OYSTER BAY, Palawan, Philippines—At Naval Forces West headquarters here, the wooden planks that are the main platform of the Philippine Navy’s sole naval shipyard facing the West Philippine Sea are breaking apart and starting to surrender to the elements.
The planks have cracks and gaps wide enough to send a full-sized man straight into the clear blue waters below.
The crew of a naval supply ship, which was chanced upon by the Inquirer while visiting the facility on Friday, was loading up for a routine run to the Kalayaan Islands in the disputed Spratlys island chain and knew enough to be careful.
Recently, the Philippine government dusted off old plans to develop Oyster Bay, a picturesque cove nestled in old growth mangrove forests and limestone cliffs in the western flank of Palawan’s central region.
Defense officials are hopeful the decades-old plans to upgrade the naval facility into a major shipyard and naval facility will finally move. The Oyster Bay development plans come as tensions are increasing over China’s aggressive assertion of ownership over the entire South China Sea, including parts of what the country calls the West Philippine Sea.
There has been an initial P500 million released to complete some major infrastructure components, including a 12-kilometer access road from the mainland.
“We call this a capability upgrade,” said Commodore Joseph Rostum Peña, commander of Naval Forces West (Navforwest).
Once completed, the facility would have an extended wharf to accommodate “at least four large naval vessels,” he said.
He cautiously avoided a conversation on the South China Sea conflict.
Peña said part of Navforwest’s capability upgrade would come from the Armed Forces of the Philippines’ modernization program. This include the installation of high-powered radar systems in strategic areas from north to south of Palawan facing the West Philippine Sea. The radar systems would allow them to closely monitor developments in the disputed areas of the Spratlys.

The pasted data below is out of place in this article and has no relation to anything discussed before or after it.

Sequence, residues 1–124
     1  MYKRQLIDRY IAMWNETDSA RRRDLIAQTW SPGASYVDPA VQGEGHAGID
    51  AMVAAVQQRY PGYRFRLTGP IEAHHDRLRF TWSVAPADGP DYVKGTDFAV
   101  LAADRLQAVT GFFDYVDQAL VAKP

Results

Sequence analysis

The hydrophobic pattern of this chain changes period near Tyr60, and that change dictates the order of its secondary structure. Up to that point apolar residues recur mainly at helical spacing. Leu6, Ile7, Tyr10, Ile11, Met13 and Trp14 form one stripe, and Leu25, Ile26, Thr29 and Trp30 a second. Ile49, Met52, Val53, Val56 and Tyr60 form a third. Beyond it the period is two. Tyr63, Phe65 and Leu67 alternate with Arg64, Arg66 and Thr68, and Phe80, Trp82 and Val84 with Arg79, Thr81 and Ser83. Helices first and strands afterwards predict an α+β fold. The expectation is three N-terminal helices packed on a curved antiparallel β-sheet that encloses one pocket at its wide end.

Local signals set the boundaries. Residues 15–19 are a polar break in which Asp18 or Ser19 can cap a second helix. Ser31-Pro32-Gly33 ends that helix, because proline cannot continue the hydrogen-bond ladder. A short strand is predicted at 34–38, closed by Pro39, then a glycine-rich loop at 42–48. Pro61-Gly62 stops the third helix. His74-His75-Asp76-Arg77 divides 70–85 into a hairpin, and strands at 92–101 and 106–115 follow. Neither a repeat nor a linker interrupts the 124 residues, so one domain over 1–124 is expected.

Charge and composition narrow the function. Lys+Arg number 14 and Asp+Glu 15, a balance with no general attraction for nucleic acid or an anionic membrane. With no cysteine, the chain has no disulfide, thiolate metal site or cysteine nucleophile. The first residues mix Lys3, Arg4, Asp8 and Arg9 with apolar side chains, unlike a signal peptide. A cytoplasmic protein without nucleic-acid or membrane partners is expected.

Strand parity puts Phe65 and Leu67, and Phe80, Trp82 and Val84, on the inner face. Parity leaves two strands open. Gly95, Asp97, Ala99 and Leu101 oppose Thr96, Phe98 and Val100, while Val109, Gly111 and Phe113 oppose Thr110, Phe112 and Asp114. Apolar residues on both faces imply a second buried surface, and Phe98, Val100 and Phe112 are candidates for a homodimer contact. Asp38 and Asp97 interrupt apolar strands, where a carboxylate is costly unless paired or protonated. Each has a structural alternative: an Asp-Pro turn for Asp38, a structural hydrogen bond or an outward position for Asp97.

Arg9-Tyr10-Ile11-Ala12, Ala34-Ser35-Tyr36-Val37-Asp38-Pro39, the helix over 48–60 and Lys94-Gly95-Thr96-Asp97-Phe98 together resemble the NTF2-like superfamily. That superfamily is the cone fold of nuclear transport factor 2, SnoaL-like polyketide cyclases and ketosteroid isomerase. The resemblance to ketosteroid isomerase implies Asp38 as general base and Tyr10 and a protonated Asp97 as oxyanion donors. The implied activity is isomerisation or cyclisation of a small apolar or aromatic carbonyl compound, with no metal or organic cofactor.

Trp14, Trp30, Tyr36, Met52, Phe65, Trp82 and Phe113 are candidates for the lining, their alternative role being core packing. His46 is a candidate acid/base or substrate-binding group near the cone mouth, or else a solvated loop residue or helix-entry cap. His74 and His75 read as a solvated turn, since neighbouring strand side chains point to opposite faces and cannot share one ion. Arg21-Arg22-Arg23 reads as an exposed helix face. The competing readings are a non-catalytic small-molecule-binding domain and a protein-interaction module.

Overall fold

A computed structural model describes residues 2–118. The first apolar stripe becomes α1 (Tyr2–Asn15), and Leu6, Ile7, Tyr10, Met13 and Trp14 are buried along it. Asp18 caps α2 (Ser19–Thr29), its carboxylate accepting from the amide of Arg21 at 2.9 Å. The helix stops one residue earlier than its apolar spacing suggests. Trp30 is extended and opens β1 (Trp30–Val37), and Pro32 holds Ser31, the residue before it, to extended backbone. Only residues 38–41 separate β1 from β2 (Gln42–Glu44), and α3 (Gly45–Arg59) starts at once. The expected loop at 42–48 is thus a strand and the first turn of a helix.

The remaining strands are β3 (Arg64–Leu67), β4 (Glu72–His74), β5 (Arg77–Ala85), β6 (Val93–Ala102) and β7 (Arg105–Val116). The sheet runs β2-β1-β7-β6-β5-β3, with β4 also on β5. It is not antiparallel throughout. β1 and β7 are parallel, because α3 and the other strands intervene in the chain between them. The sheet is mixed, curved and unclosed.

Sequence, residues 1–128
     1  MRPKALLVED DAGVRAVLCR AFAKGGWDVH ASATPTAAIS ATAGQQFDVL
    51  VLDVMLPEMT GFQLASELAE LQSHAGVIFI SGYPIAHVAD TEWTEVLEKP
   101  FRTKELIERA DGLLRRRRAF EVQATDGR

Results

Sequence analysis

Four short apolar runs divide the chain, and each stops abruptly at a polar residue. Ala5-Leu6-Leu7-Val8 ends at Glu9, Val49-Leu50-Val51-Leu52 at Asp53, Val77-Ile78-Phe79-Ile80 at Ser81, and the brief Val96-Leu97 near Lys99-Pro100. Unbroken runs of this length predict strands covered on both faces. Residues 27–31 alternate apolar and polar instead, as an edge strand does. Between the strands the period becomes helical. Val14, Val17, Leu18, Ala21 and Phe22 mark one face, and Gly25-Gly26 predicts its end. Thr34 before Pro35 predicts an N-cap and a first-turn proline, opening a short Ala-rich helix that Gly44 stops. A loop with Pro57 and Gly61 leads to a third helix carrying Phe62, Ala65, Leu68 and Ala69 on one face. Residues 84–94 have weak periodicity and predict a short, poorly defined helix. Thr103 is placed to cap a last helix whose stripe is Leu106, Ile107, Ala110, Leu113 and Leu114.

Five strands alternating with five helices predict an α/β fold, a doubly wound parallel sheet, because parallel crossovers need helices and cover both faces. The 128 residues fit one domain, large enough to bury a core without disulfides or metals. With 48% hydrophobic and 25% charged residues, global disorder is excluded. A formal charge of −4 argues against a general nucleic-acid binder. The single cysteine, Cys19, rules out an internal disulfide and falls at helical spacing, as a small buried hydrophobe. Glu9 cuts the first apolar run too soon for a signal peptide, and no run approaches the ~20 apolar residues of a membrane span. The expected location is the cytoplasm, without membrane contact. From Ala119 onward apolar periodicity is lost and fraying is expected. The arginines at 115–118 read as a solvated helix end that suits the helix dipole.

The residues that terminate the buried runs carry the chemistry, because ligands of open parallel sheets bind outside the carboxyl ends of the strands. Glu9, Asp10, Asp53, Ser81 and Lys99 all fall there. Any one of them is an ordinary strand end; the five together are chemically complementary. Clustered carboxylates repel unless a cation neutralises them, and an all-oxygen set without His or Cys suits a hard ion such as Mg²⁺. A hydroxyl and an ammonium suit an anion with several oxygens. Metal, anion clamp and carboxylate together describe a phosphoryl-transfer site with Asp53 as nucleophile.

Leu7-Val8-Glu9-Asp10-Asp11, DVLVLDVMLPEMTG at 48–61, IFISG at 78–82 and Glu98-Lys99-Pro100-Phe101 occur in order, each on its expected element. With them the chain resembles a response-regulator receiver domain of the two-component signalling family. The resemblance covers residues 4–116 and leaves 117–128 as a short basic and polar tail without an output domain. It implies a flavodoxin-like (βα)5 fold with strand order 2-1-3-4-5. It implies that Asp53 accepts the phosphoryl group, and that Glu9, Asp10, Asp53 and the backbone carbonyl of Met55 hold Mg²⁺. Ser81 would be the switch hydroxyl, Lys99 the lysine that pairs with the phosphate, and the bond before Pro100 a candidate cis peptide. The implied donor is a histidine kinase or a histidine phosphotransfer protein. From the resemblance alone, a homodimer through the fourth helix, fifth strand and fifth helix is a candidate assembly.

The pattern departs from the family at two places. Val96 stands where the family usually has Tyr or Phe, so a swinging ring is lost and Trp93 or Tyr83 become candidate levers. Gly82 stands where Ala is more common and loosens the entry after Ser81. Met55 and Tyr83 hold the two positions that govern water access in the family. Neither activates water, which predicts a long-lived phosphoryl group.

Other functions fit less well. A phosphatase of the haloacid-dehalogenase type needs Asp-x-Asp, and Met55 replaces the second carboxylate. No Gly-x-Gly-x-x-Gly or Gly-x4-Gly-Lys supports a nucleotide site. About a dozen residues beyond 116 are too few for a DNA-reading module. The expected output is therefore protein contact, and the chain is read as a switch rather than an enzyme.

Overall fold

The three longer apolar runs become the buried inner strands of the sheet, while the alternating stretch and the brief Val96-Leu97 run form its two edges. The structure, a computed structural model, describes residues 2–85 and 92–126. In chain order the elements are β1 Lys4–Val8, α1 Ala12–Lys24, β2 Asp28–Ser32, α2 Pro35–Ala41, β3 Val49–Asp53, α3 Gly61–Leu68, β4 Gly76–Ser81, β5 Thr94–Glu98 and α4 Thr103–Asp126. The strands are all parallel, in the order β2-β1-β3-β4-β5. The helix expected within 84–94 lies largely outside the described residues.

“The coastal watch program should allow us eventually to monitor our seas in real time,” Peña said.
At least four of these stations that form part of the radar network have already been upgraded, according to Peña.
He said they were hoping to add more radar stations, including one in the Sulu Sea to specifically watch over the Tubbataha Reefs, a United Nations Educational, Scientific and Cultural Organization (Unesco)-designated marine protected area.
Armando Lustre, head of Lustre Construction that won a Department of Public Works and Highways (DPWH)-administered contract to complete the 12-km road from the village of Macarascas to Oyster Bay, said they had begun the road work and were expecting additional funding for the third and final phase of the road development plan for the area.
Peña likened the Oyster Bay facility to “a mini Subic” once completed. Like the former US naval facility in Zambales, the bay has physical characteristics that can host large warships.
“It is also ideal as a base for our Marines. It has vast jungles suitable for training,” Peña said.
Peña declined to comment on the suitability of Oyster Bay for use by US naval ships under a new bilateral defense agreement that would allow the United States access to Philippine military bases, saying only that their facility would be “suitable for large warships.”
This US return to the country is part of its pivot to the Asia Pacific, a form of temporary basing in nations in the region.
The development of Oyster Bay has encountered resistance from the local community.
Around 10 years ago when the Philippine Navy began developing Oyster Bay and its naval reservation, all the villages around it rejected the facility, expressing this in a referendum conducted by the city government.
But Jane Villarin, a village council representive of Macarascas which hosts the newly transferred Navforwest headquarters believes the objections had been assuaged.
“I don’t think the community will resist the development of the naval base … we are used to them now,” she said.